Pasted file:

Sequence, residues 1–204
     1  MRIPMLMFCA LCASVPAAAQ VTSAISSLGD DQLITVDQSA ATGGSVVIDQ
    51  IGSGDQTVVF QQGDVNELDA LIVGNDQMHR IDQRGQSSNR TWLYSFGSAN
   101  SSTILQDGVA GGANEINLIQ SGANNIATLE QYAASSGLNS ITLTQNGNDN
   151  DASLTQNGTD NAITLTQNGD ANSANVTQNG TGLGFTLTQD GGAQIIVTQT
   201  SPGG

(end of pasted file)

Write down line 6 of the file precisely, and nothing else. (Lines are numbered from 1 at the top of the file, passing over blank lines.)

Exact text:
   201  SPGG